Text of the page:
The Overseas Operation (Service Personnel and Veterans) Bill 2019-21 has left the parliament in splits during the debates. It is believed to bring considerable ambiguity and decriminalize torture in a certain way.
About The Bill
The bill aims to make provisions regarding legal proceeding and considerations from the European Convention on Human Rights in connection with the operation of armed forces outside the British Islands. Further, the provisions like ‘restrictions on time to bring actions’, leave space for loopholes and issues for power. It also blocks civil claims against MODs.
The lawmakers believe that the bill will decriminalize torture in a sort. Torture has been illegal for 300 years in the UK, and the bill tries to oppose this. Some members of the Parliament believe the British troops have nothing to do with torture, but in instances such as the Iraq war, the superiors make them bend the rules.
Along with provisions mentioning topics to be given certain weight, the bill mentions how consent is required for high profile legal claims. Provisions like these make the MODs bulletproof in every way. While briefly touching in the offences included, it pays more attention to the overseas operations undertaken.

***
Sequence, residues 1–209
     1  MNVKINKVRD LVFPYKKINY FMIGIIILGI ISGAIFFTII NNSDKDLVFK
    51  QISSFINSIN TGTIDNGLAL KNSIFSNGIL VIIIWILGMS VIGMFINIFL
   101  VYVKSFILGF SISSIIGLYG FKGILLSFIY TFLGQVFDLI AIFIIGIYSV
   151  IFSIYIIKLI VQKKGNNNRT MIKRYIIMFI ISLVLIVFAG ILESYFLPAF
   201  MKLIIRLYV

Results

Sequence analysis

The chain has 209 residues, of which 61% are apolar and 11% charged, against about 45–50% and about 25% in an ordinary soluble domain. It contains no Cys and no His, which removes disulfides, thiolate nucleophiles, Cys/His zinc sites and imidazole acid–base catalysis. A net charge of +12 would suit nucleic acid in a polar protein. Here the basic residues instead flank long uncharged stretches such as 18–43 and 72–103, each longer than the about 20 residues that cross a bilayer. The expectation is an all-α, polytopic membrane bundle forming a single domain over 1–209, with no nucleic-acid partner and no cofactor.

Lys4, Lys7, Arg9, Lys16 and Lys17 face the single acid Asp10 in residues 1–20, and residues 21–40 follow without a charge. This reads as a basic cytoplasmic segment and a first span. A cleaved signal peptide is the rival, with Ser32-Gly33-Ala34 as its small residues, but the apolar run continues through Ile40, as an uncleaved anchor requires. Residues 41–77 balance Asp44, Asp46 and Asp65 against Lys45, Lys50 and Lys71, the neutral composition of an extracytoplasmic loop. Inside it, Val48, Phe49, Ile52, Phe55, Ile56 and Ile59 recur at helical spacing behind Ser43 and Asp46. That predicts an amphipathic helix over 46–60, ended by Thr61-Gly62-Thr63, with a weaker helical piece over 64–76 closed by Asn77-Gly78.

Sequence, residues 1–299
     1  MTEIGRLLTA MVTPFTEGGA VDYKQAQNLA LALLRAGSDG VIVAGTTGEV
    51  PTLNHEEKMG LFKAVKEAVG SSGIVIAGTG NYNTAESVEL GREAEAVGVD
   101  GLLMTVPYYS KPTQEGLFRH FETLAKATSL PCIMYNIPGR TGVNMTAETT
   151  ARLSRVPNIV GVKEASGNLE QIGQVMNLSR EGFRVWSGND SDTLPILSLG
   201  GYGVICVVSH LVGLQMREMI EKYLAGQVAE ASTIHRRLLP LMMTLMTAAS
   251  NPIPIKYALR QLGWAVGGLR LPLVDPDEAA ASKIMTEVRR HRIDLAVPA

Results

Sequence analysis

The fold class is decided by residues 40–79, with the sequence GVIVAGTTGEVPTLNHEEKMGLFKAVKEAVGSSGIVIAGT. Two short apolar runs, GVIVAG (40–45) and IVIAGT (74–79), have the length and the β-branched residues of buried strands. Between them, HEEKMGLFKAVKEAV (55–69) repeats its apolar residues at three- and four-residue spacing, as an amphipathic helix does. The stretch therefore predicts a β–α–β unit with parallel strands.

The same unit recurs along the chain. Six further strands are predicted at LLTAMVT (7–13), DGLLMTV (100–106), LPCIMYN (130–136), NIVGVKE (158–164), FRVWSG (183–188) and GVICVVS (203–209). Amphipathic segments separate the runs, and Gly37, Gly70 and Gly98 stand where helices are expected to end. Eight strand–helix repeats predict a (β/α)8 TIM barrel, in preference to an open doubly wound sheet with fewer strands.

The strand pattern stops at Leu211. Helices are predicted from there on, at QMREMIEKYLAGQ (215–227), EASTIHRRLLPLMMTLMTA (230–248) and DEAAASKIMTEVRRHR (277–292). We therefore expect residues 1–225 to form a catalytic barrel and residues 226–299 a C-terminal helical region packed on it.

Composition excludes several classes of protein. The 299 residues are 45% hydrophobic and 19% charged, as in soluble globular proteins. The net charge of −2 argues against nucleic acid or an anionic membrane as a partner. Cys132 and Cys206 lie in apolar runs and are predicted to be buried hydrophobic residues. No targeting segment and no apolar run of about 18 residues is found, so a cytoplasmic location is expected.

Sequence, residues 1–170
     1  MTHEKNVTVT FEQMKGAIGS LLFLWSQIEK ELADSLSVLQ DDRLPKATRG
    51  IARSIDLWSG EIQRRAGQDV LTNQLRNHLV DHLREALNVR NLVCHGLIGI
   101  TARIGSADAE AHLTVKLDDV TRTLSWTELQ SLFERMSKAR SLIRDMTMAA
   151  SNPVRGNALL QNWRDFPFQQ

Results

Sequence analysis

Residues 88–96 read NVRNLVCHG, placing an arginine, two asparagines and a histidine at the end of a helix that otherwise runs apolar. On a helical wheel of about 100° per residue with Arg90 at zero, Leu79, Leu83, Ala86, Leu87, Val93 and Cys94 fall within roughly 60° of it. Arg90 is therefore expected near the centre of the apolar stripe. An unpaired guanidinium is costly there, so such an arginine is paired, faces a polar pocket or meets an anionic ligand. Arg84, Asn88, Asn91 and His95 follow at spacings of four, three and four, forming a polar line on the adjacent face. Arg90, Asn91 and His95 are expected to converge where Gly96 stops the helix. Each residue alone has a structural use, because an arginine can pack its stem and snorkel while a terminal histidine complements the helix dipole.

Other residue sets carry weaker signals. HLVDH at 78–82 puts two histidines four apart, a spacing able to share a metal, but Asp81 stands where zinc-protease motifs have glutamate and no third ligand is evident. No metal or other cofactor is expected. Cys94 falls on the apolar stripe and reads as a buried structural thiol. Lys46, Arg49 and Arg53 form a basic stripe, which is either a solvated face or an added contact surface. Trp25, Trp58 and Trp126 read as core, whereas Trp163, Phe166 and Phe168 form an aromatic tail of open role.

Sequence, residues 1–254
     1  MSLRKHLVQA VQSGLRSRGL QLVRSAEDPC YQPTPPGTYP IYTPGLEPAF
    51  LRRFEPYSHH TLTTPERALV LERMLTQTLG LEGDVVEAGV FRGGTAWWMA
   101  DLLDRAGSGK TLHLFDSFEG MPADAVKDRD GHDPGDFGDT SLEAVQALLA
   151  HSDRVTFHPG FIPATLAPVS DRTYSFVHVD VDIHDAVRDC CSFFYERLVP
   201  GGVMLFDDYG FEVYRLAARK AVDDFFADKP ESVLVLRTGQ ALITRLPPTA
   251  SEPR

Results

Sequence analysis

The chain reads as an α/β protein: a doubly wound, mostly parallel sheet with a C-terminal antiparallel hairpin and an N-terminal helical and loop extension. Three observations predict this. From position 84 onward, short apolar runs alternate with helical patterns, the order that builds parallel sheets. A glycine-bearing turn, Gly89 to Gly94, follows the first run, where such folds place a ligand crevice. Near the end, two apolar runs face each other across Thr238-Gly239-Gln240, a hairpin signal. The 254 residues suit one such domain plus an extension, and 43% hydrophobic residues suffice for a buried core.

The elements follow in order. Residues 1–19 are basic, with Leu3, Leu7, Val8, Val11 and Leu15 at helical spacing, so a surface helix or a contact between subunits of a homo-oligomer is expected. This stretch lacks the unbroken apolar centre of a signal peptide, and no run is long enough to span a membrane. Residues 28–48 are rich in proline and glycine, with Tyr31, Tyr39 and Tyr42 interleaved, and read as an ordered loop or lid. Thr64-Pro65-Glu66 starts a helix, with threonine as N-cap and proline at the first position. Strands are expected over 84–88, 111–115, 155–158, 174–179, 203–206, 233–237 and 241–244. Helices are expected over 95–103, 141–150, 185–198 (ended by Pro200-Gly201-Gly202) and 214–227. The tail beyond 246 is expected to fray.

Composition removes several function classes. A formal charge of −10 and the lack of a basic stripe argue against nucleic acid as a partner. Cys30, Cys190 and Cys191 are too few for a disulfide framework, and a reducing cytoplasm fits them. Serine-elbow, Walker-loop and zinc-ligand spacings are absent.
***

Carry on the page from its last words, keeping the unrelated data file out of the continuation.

This bill will affect legal claims brought by service personnel against their MODs. Consequently, it will benefit the politicians and not the soldiers.
Different Opinions In The Parliament
The Defense Minister last year justified how using terms like ‘mock executions’ set a bad algorithm. Members of Parliament believe the government should prioritize giving enough funding to the soldiers, micromanaging their grievances. By backing up this legislation by popular support, it would surely undermine the values that they fight for, some believe.
Along with deterring strong action, this bill will empower the government to make new rules regarding the same, which will bring catastrophe.